(Posted by permission of the Akron Beacon Journal. Bob Dyer won the top humor-writing award in the 2013 National Society of Newspaper Columnists’ competition for newspapers over 50,000 circulation. Read more of his columns here.)
Some athletes can play with pain. Others take a powder at the first sign of discomfort.
Now, I’m not saying Beacon Journal food writer Lisa Abraham is a wimp. But she did scratch herself from the starting lineup last week merely because of a sinus infection.
Abraham was scheduled to be a judge at a pickle-tasting competition at Lock 3 Park in downtown Akron. That’s where the judging of various foods has been taking place each week during the Downtown Akron Partnership’s farmers market.
In Abraham’s defense, the woman cares more about food than most of us care about our firstborns, and she wasn’t about to skew the contest results by partaking with a diseased palate.
Fortunately, she was not sufficiently impaired to stay home from work, so all she had to do was walk across the newsroom to find a fill-in.
And who is the first person you think of when you’re looking for someone to nibble on your pickles?
As a last-minute replacement – well, she could have done infinitely better. I have been known to intone “hold the pickles” when ordering a burger, and my own food-preparation expertise ranges from PB&Js to boiled hot dogs.
But I am nothing if not a team player. So instead of fabricating an excuse, I decided to focus on pleasant pickle experiences in my past and suit up for battle.
If nothing else, I figured, I would be able to declare at some point that a particular pickle was “to die for” — a phrase that, for reasons that continue to mystify me, can be used only in connection with food. Nobody ever wants to die for a tee shot or a guitar riff or a watercolor.
But we digress. We were talking about my pickles.
With a hoarse voice that surely was channeled from her hooky-playing days back in grade school, Ms. Abraham offered some parting words of wisdom:
“Don’t be too easy. Don’t be afraid to be the East German judge.”
She told me that pickles should be somewhere between hard and “smooshy,” and that sweet pickles should be sweet but not cloyingly so, and that dill pickles should be dill but not puckeringly so.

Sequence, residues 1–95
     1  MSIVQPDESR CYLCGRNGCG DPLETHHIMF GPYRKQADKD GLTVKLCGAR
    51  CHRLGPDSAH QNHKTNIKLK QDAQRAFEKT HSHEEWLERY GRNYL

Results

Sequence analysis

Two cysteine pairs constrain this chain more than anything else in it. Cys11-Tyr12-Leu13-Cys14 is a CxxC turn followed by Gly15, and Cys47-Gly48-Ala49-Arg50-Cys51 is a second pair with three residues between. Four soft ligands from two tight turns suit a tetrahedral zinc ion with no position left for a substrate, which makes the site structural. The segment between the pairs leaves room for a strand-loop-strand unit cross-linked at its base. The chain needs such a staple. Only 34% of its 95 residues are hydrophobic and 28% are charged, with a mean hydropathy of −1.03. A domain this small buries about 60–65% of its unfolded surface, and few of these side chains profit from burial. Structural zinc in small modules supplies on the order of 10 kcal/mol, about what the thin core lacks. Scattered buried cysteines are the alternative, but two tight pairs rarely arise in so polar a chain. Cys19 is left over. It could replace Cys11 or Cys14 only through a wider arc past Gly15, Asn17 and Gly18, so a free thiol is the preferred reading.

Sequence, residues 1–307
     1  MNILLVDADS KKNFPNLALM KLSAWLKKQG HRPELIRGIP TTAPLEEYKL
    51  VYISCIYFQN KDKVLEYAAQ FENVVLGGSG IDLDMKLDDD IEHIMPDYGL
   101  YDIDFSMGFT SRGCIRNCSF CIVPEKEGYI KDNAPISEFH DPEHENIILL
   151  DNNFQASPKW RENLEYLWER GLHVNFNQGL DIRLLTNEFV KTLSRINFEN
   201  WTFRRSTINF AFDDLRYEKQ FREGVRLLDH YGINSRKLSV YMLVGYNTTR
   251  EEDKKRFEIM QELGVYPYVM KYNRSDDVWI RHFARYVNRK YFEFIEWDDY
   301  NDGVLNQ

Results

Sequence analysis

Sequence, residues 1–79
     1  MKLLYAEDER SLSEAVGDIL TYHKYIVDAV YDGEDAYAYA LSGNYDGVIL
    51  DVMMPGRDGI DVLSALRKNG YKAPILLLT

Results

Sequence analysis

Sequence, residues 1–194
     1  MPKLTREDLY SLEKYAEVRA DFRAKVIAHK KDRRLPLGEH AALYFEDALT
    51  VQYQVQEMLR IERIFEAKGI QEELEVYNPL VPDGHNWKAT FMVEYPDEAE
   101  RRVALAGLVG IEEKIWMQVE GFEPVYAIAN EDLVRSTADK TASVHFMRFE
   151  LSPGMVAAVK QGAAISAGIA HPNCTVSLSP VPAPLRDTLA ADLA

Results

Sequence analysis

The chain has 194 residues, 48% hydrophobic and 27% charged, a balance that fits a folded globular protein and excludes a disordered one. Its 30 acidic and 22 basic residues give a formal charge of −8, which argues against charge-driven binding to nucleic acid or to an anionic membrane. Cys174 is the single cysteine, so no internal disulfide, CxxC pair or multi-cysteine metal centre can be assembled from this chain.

Or something like that. It all kind of blends together in the aftermath of consuming 18 different pickles, some of them multiple times.
In a couple of cases, I felt like Andy Griffith and Barney Fife being forced to sample Aunt Bee’s “kerosene cucumbers.” But most of the offerings were reasonably tasty.
My fellow judges were Dave Lieberth, Akron’s deputy mayor, and Alan Medvick, a magistrate in Summit County Common Pleas Judge Mary Margaret Rowlands’ court.
The pickles were presented in four groups: dill, sweet, hot and “other.” Each pickle was to be graded on “visual appeal,” “texture” and “taste.”
“Visual appeal?” I asked. “I guess I never really looked at pickles that way.”
“Wow, that’s a very beautiful pickle!” quipped Medvick.
“Nice seed placement!” chimed in Lieberth.
As for “texture,” the deputy mayor offered this explanation:
“When your pickle is flaccid, you’ve got trouble.”
Wouldn’t know about that. But I’ll take his word for it.
In all four categories, two of the three judges tabbed the same pickle as the best, so those were instantly declared the winners. My vote was part of three of those victories, which means one of two things: I’m a better pickle picker than I thought, or the other judges are equally clueless.
I’m betting on the latter. In fact, I’d be willing to bet you a gigantic gherkin.
They’re to die for.
— Bob Dyer
Since joining the Akron Beacon Journal in 1984, Bob Dyer has earned 51 regional and national writing awards. In 2008, the National Society of Professional Journalists voted him Best Columnist in the Nation. He has been named Best Columnist in Ohio by at least one professional journalism organization for six consecutive years. A native of suburban Cleveland, Dyer was one of the lead writers for A Question of Color, a yearlong examination of racial attitudes in Akron that won a Pulitzer Prize in 1994. In addition, he has written two books.